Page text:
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Forensic Geneticists and the Transnational Exchange of DNA data in the EU: Engaging Science with Social Control, Citizenship and Democracy (EXCHANGE)
Start date: 01 Oct 2015, End date: 30 Sep 2020 PROJECT  ONGOING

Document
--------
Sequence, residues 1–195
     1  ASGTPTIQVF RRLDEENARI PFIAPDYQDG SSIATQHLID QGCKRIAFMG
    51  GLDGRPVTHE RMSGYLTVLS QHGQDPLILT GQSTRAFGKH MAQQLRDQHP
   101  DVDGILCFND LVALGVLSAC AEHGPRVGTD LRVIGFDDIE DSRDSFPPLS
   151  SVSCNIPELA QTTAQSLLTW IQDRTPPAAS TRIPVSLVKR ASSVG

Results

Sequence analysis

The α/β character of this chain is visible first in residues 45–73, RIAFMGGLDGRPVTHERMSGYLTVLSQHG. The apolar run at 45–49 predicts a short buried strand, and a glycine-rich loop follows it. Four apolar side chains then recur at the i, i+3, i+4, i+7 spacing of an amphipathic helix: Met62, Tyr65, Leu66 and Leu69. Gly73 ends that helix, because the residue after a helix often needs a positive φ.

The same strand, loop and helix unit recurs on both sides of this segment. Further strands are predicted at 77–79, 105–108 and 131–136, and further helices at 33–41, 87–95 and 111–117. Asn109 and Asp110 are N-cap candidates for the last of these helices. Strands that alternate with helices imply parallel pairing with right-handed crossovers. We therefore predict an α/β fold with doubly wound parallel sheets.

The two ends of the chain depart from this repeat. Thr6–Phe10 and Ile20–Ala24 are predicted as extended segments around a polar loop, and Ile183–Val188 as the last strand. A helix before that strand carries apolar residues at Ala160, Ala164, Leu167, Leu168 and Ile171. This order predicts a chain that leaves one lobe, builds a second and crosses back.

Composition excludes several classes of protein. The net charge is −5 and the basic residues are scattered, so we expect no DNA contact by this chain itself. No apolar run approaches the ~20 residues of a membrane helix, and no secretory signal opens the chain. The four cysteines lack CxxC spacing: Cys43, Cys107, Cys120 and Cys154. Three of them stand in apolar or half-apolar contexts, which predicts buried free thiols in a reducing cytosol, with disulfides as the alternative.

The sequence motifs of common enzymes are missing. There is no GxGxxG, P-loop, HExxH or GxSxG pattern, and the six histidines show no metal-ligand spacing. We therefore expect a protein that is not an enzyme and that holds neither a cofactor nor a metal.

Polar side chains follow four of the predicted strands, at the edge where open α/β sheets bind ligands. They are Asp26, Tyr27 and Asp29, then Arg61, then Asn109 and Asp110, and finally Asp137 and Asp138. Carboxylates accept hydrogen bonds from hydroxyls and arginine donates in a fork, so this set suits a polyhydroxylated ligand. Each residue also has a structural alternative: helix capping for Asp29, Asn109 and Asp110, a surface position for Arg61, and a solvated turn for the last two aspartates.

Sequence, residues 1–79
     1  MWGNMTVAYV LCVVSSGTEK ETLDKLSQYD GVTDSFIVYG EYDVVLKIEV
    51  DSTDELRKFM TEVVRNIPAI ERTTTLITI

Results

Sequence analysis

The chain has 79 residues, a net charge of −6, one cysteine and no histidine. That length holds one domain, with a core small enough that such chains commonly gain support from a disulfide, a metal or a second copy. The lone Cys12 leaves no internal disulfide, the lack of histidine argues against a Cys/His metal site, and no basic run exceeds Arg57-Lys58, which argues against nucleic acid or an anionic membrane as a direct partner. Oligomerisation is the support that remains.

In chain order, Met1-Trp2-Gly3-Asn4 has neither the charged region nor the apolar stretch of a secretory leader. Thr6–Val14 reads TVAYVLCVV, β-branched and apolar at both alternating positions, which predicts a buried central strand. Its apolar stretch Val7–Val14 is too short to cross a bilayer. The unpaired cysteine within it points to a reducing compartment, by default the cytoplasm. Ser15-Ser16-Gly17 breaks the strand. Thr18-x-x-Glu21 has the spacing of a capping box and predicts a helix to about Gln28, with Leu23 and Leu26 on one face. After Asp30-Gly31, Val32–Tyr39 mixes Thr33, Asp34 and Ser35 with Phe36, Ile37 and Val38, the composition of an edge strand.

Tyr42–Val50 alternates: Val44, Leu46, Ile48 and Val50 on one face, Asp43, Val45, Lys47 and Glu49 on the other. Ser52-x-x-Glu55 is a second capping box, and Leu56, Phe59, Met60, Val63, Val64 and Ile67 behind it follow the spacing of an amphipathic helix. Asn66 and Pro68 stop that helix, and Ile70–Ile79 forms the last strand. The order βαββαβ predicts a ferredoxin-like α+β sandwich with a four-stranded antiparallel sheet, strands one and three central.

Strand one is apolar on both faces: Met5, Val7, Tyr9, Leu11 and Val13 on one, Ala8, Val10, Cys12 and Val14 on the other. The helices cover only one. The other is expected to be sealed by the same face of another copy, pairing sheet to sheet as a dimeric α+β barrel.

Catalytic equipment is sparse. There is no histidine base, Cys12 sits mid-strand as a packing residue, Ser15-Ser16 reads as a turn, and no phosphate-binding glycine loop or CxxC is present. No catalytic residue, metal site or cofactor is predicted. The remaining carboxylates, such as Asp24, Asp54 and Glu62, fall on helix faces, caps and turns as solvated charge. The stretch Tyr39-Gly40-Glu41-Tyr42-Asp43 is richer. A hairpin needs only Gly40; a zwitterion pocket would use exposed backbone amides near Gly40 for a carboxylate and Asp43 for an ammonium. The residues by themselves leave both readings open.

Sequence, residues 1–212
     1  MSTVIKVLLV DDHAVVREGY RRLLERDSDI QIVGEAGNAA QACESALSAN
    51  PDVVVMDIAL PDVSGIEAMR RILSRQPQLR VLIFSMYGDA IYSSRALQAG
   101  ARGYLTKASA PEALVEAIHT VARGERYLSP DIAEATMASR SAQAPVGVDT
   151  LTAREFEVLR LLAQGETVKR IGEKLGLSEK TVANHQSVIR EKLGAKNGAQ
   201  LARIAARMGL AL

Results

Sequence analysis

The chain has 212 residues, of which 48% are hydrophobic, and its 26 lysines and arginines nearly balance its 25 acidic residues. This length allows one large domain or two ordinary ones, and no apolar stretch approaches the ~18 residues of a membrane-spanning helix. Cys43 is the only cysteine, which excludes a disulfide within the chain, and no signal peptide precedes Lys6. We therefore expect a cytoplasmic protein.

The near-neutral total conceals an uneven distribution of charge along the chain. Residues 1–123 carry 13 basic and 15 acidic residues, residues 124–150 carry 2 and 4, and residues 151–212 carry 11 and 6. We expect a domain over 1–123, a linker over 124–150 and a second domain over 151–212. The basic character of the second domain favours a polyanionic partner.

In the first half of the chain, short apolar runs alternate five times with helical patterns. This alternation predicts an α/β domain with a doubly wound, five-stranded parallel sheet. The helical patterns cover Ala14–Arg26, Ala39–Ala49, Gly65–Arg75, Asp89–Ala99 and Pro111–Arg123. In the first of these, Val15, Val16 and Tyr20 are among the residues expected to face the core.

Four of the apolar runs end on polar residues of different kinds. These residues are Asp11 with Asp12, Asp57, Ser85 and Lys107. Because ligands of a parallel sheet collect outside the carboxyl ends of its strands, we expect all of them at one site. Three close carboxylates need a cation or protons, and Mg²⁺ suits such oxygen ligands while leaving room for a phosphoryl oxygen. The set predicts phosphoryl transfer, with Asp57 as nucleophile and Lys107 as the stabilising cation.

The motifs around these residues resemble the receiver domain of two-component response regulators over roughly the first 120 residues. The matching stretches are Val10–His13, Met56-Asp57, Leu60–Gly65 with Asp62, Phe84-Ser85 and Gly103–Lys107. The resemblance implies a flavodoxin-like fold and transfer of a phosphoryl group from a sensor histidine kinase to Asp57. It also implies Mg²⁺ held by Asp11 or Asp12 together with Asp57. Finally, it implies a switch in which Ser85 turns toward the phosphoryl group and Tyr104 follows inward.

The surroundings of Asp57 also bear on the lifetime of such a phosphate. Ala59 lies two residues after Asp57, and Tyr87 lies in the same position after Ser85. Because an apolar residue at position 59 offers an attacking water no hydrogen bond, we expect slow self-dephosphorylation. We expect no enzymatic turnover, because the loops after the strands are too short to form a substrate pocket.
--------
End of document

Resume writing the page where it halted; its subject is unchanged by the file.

Today we are living in the “genetic age” of criminal investigation. There is a widespread cultural belief that DNA technology has the unrivalled capacity to identify authors of crimes. In light of this ideology, EU Law (Prüm Decision, 2008) obliges all Member States to create the conditions for the reciprocal automated searching and comparison of information on DNA data for the purpose of combating cross-border crime, terrorism and illegal immigration. Forensic geneticists play a crucial role in this scenario: they develop the techno-scientific procedures that enable DNA data to be shared across national boundaries. EXCHANGE aims to understand the close links between a highly specialised field of expert knowledge – forensic genetics – and surveillance in the EU.If the EU succeeds in this political project, about 10 million genetic profiles of identified individuals will be exchanged between agencies in all EU countries. This raises acute cultural, political and societal challenges. EXCHANGE aims to address these challenges by scrutinizing how forensic geneticists, within the context of the transnational exchange of DNA data in the EU, engage with the social values attributed to science – i.e. objectivity, truth – and the values of social control, citizenship and democracy.The expected outputs are: 1. To provide a general picture of the Prüm framework by conducting interviews with forensic geneticists in all EU countries; 2. To develop in-depth knowledge of forensic geneticists’ activities relating to Prüm using ethnographic observation and qualitative analysis of criminal cases; 3. To study countries with different local positionings in relation to Prüm by means of a comparative study involving Portugal, Germany, the Netherlands and the UK. EXCHANGE stimulates interdisciplinary dialogue between the social sciences and the forensic genetics. This research also tackles questions that are relevant to all the actors involved in criminal justice cooperation in the EU.
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